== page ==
Caldwell lived in a brownstone on 87th Street on the West Side of Manhattan. After she finished acting school, Caldwell returned to Birmingham. She acted in plays with Town & Gown Theater in the 1950s and was associate director under James Hatcher. She portrayed Anna in “The King and I.” In another play, she co-starred with Leonard Nimoy, who later played Spock in the Star Trek TV series.
When her daughter, born in 1959, was three, she gave up her theater job because of its late hours. She got her master’s degree in English from Samford University and taught at Shades Valley High School for 11 years before going to Altamont in 1972. She retired in 1991.
“She worked on and off, took a couple years off after she married a second time, then went back,” said her daughter, Elizabeth Coleman.
Caldwell directed dozens of high school plays at Shades Valley, Altamont and productions for the Altamont Alumni Theater. She taught a generation of Birmingham actors and writers.
“I have memories of Fannie Flagg at our home when I was a little girl,” Coleman said of the actress and author of “Fried Green Tomatoes at the Whistle-Stop Cafe.” ”Mother was her acting coach before Fannie made it big.”
During her New York days, Caldwell became friends with the future star of “Bewitched,” a popular 1960s TV sitcom.
“She was friends with Elizabeth Montgomery in New York,” Coleman said. “She came to visit mother and stayed with her for the weekend.”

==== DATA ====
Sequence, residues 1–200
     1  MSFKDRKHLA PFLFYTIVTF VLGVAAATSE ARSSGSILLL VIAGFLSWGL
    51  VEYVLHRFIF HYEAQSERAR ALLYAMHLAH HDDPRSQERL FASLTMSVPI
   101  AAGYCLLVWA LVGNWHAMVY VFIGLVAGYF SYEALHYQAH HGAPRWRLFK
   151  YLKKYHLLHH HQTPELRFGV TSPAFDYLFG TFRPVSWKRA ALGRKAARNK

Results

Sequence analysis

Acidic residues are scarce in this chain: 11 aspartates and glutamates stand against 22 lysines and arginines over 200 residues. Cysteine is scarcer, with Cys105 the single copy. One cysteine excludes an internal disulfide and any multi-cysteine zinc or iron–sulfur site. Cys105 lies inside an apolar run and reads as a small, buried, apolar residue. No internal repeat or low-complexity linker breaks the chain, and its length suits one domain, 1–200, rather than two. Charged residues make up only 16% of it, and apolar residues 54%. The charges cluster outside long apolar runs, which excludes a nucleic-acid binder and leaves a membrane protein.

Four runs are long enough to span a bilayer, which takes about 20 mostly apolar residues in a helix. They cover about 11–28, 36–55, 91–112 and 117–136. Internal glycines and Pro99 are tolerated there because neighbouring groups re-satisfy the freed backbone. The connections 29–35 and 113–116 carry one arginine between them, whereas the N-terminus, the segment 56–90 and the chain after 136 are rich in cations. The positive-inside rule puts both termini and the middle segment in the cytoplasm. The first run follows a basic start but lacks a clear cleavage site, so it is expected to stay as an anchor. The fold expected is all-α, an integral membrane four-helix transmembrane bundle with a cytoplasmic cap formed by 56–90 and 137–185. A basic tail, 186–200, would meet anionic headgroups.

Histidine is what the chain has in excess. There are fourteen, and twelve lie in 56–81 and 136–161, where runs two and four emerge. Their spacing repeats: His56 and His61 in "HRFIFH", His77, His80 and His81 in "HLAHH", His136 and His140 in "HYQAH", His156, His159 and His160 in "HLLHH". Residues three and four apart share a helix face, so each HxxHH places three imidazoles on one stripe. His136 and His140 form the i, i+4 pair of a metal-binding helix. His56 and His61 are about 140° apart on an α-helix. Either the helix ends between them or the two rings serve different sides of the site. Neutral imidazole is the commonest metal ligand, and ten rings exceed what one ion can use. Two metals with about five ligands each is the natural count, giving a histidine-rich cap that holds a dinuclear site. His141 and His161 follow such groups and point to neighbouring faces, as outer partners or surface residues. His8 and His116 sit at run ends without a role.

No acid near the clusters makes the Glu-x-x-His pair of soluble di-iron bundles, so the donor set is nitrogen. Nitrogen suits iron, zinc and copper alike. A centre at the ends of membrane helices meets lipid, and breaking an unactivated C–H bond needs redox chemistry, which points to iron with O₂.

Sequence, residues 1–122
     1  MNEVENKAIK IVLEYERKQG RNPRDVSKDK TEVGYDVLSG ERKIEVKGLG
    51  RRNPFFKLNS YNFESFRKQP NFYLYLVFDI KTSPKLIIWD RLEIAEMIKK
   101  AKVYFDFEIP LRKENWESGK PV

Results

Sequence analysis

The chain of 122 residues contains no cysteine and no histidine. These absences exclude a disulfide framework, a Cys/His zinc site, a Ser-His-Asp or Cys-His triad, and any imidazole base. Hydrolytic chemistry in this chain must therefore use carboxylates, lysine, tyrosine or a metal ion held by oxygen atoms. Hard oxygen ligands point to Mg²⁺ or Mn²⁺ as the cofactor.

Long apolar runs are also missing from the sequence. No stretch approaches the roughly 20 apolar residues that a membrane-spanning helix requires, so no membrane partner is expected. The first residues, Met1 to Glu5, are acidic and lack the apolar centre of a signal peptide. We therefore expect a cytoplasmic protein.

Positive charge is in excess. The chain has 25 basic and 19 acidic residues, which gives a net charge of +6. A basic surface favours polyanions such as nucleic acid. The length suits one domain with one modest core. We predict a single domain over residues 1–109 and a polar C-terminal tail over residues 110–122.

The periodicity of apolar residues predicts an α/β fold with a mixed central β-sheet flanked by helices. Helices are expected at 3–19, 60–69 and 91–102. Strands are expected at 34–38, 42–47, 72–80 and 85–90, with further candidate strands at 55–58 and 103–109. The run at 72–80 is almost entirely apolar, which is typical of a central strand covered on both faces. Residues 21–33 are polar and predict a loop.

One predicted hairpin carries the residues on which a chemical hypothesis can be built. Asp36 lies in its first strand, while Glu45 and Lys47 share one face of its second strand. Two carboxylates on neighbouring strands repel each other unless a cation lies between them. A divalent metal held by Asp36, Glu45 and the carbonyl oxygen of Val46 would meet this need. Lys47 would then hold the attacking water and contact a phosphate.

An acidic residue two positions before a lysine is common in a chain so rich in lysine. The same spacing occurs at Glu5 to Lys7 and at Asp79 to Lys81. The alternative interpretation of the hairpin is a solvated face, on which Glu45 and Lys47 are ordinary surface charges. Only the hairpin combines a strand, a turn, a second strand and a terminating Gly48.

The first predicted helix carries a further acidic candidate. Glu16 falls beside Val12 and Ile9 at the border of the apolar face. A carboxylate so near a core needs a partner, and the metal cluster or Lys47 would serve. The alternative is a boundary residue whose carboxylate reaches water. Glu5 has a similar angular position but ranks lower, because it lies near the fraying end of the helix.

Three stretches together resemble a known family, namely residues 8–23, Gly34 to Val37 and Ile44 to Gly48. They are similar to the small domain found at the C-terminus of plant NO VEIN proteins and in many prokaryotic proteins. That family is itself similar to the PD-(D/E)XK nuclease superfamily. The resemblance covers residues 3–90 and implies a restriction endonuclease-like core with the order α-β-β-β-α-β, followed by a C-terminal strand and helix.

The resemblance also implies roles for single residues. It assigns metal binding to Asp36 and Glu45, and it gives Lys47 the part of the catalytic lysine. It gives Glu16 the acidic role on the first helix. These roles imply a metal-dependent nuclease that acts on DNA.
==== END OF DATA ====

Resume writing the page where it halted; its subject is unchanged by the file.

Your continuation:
In a way, everyone was like a celebrity to Caldwell, her daughter said. “She always made people feel good about themselves. She made everyone feel like they were the most important person in the room. She was an intellectual, but she was also playful.”
Caldwell was a hero to the children in her neighborhood. Every year, there was a street party a few days before Christmas, after which Caldwell would invite children into her house to open the Magic Drawer and reach in for a prize, most likely costume jewelry, and hear the story that went with it, said Katherine Mears Beshear, who grew up next door. “My sister once chose a medallion called the Magic Necklace and she would sleep with it under her pillow. Caldwell told her if she would put the necklace under her pillow, it would keep the nightmares away. She believed it, and it did. We always called her Caldwell. She wanted us to. We didn’t have to say Miss. My grandmother was her best friend and she always called her Caldwell.”
Beshear, 29, is now a professional actress, singer and dancer for the USO Show Troupe in New York. She recalls Caldwell telling her stories about “Chester Squirrel,” who lived on her carport on Chester Road. “She always made me believe he had been there. She’d say, ‘He’s been cooking acorns.’ She always had stories of what he had been up to and what he had been doing in the houses I built for him.”
Caldwell was a member of St. Luke’s Episcopal Church, and her imagination sometimes took a mystical turn.
“She’d take students on walks to look for ‘The Over-Soul,’” from an essay by Ralph Waldo Emerson about the nature of the human soul, Coleman said.
“She loved life, she loved children, she loved animals,” Coleman said. “She could command a room, but it was never all about her. She had a beautiful spirit and made everyone she was around feel like they were special.”